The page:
Spruce Woods is a desert. It is surprisingly hot and dry in the summer. Heat stroke is a heat illness defined as a body temperature of greater than 40.6 °C (105.1 °F) due to environmental heat exposure with lack of thermoregulation.
- Throbbing headache
- Dizziness and light-headedness
- Lack of sweating despite the heat
- Red, hot, and dry skin
- Muscle weakness or cramps
- Nausea and vomiting
- Rapid heartbeat, which may be either strong or weak
- Rapid, shallow breathing
- Behavioral changes such as confusion, disorientation, or staggering
Treatment involves rapid physical cooling. The body temperature must be lowered immediately. The patient should be moved to a cool area (indoors, or at least in the shade) and clothing removed to promote heat loss (passive cooling). Active cooling methods may be used: The person is bathed in cool water or a hyperthermia vest can be applied. However, wrapping the patient in wet towels or clothes can actually act as insulation and increase the body temperature. Cold compresses to the torso, head, neck, and groin will help cool the victim. A fan or dehumidifying air conditioning unit may be used to aid in evaporation of the water (evaporative method).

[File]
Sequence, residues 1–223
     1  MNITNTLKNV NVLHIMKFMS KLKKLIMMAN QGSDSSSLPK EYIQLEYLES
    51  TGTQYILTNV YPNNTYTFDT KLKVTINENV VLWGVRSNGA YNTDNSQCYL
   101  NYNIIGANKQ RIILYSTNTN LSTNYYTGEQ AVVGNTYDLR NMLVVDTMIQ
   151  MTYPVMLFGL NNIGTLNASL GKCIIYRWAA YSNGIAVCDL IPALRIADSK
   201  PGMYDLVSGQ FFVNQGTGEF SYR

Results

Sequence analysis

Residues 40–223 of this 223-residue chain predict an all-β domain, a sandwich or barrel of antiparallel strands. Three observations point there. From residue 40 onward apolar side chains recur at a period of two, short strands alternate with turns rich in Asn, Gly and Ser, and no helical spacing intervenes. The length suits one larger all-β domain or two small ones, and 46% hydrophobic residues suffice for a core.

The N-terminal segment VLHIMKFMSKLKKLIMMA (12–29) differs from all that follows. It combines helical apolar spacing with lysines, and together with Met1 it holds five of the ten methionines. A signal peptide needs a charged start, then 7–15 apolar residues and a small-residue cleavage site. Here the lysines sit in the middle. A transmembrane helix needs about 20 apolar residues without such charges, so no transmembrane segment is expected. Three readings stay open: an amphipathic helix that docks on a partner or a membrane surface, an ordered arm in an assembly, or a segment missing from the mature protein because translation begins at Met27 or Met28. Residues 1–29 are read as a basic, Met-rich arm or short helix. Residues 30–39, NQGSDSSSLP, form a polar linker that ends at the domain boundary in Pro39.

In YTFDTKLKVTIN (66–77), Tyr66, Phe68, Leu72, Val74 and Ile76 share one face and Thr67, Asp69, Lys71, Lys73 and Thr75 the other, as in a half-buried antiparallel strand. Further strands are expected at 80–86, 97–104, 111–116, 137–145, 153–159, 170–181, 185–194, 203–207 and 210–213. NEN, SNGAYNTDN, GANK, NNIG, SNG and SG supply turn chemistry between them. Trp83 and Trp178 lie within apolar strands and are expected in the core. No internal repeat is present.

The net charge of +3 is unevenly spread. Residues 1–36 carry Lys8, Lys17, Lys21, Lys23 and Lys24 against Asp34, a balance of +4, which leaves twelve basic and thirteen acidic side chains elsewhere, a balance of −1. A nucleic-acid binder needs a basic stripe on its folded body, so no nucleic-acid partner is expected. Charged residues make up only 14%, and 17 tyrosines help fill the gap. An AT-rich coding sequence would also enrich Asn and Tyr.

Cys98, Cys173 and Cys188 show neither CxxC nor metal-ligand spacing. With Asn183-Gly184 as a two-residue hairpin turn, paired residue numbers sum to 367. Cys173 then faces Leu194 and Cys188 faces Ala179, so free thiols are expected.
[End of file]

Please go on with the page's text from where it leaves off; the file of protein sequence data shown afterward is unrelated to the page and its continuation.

Immersing a patient into a bathtub of cool (but not cold) water (immersion method) is a recognized method of cooling. This method requires the effort of 4-5 people and the patient should be monitored carefully during the treatment process. Immersion should be avoided for an unconscious patient, but if there is no alternative, the patient’s head must be held above water. Immersion in very cold (as opposed to cool) water is counterproductive, as it causes vasoconstriction in the skin and thereby prevents heat from escaping the body core.
You can try to avoid heat stroke by drinking plenty of fluids, wearing lightweight & loose clothing and trying to stay protected from the sun. There will be water at many of the checkpoints so be sure to fill up as often as you can.